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How Much Do Major League Baseball Salaries Matter?

PORTLAND, Ore. (TheStreet) -- Major League Baseball's playoffs aren't just a few extra home games for playoff teams and a few more millions for those teams' coffers. They're a return on a sizable investment.

Going into the 2013 season, 14 of the league's 30 teams spent $100 million or more on payroll. Just five made it past Game 162 and one, the Texas Rangers, did so by playing an extra game to determine the American League's Wild Card spot.

The team it faced in that playoff -- the Tampa Bay Rays -- came into the season with a $57.9 million payroll that was third-lowest in the league. By comparison, the New York Yankees had Major League Baseball's top payroll on opening day at $228.8 million, just missing the playoffs for the second time since 1995. In doing so, they spent more on three players -- Mark Teixeira ($23 million), C.C. Sabathia ($23 million) and Alex Rodriguez ($28 million) -- than the Rays did on their entire team.

That's not shabby for a team with a payroll ranked 28th in the league, but the Oakland A's and their general manager Billy Beane won the American League west on just $60.7 million. That payout ranks 27th in the league and still less than the combined $74 million earned by the Yankees named above.

Does that necessarily mean Beane's frugal, stat-based "Moneyball" strategy has won out? Not necessarily. With $90 million being the line that separates the 15 biggest spenders in the top half of the league from the relative misers at the bottom, six of the teams that made it to at least a playoff had payrolls of $100 million or more. Of the teams that avoided wild-card playoff games by winning their divisions outright, four out of six spent nine figures or more to do so.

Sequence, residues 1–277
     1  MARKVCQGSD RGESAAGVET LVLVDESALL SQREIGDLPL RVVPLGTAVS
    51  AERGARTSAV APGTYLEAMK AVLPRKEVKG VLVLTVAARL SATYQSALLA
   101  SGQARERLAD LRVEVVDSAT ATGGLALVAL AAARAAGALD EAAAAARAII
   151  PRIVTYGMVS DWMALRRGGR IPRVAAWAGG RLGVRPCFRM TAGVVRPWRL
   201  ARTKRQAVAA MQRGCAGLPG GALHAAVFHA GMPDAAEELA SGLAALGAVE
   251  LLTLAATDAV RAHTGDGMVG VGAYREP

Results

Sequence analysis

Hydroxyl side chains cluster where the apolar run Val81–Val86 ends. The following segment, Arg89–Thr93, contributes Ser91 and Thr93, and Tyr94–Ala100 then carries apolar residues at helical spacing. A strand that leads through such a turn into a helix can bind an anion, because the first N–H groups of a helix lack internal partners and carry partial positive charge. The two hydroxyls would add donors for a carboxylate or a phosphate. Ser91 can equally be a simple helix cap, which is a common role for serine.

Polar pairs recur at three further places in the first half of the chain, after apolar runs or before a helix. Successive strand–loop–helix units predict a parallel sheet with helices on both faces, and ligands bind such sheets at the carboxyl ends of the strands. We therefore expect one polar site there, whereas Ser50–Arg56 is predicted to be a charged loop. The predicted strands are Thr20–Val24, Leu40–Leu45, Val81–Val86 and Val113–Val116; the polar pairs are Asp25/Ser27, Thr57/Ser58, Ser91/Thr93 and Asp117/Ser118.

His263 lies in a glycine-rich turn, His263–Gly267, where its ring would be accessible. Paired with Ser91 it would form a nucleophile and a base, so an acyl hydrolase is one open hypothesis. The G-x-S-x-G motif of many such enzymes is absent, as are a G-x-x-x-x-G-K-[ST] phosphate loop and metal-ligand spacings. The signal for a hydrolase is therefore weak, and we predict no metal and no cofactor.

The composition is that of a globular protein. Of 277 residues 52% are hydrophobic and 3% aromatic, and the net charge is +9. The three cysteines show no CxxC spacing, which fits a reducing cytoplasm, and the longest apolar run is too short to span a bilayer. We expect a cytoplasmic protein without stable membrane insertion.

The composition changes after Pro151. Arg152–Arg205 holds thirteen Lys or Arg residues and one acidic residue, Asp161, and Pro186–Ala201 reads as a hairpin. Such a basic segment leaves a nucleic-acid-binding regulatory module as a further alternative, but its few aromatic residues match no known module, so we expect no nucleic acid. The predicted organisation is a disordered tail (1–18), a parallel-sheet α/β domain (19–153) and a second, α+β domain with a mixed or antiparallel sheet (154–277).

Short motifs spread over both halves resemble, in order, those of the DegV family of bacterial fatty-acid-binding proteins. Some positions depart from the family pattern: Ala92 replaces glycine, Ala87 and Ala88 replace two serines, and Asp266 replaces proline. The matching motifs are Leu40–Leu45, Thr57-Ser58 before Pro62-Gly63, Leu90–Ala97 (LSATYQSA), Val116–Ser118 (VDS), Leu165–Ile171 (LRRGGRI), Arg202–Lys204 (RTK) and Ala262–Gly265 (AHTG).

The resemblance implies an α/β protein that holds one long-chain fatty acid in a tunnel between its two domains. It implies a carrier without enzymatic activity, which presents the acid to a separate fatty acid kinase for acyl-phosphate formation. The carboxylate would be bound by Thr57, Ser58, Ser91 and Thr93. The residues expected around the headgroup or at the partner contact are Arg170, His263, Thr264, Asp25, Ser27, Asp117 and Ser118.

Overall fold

It only helped that the big spenders just kept laying out cash as the season progressed. As statistician Phil Roth pointed out by delving through contract data, transactions made during the season bumped the Dodgers' payroll from $216.6 million on opening day to closer to $225 million. It's just some couch change for the Dodgers, who are getting a cool $6 billion of the $8 billion television deal the team struck with Time Warner Cable before the season, but that would be a 14% payroll increase for the A's.

It's a similar situation for the Boston Red Sox, who began the year with a $150.6 million payroll but jumped above $160 million after adding pitcher Jake Peavy and others to help clinch the American League East. That boost is roughly 17% of division rival Tampa Bay's overall salary pool.

While the Pittsburgh Pirates ended a streak of losing seasons and playoff absence dating back to 1992 by spending a relatively scant $79.5 million, they did so in an NL Central in which three teams spent $100 million or so going into this season ($115.2 million for the St. Louis Cardinals, $107.5 million for the Cincinnati Reds and $104.3 million for the Chicago Cubs) and the fourth, the Milwaukee Brewers, still outspent them by more than $3 million. The $77.8 million Cleveland Indians, meanwhile, earned a wild-card spot in a division where the champion Detroit Tigers nearly doubled their payroll at $148.4 million.